In jargon: you take this into account

That number has since increased further. Therefore, make sure you have a responsive email design . You are probably thinking: yes of course! However, as an email marketing consultant, I still often receive emails in my inbox that are not responsive. Every email you send must be legible. On desktop, but also on mobile. Keep that in mind in your design. For example, make sure that a two-column object like the one below, and certainly(!) a three-column object, is not displayed next to each other on your mobile.

Make sure you align your texts

Make sure they line up correctly. Or show a different header than the desktop version when the e-mail is loaded on a mobile device. If you use the same header, the text in that header may no longer be readable, due to scaling on a mobile device. Above you Finland WhatsApp Number List can see how a responsive design works. On the left you see the desktop version of an email. The layout adapts to the width of the screen, rather than just scaling. Vector image of a newsletter in three different sizes Source:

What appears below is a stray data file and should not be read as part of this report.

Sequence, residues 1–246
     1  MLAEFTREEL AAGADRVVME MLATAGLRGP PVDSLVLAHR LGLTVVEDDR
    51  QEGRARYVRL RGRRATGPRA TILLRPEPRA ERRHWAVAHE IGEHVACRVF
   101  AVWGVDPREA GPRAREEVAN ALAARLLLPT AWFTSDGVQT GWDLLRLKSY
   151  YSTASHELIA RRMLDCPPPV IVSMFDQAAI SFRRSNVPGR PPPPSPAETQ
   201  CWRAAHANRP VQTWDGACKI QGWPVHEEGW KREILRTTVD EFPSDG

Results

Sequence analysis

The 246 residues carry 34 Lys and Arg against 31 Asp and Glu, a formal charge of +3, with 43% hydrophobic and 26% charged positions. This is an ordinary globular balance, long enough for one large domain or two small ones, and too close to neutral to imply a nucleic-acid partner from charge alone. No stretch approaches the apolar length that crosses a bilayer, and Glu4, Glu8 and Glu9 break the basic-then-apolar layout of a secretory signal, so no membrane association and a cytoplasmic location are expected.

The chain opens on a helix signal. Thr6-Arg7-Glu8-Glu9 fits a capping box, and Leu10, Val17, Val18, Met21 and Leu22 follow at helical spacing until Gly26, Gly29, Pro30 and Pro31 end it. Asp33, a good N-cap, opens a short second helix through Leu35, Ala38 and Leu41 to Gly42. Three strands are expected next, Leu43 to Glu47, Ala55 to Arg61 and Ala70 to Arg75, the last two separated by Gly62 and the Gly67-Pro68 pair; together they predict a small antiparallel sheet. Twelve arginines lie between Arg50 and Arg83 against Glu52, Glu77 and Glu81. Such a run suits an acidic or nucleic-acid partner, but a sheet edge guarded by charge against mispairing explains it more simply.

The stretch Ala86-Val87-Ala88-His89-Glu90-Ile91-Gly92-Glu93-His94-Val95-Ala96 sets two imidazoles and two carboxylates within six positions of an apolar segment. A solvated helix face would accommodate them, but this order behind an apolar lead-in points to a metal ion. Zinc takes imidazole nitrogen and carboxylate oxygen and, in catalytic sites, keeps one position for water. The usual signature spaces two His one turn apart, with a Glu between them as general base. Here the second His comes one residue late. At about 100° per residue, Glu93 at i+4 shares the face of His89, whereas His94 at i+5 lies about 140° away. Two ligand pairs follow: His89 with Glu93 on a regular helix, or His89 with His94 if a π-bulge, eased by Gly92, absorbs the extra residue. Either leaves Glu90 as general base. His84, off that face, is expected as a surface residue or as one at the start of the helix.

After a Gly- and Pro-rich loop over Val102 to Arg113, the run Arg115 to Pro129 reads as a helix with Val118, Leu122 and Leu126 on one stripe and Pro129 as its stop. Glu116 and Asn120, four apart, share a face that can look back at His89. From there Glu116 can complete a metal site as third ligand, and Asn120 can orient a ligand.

Texts left aligned

5. Alt-tags Always add alt tags in a newsletter. Alt tags (or alt texts) are alternative texts that are shown if images are not loaded when opening the email. A kind of safety net to describe the image that should be displayed. Images are blocked by default in some clients, such as Outlook. Only after giving permission or downloading the images, they are loaded. To prevent the recipient from only seeing a large area with a cross or a question mark, add alt tags.

Leave a comment

Your email address will not be published.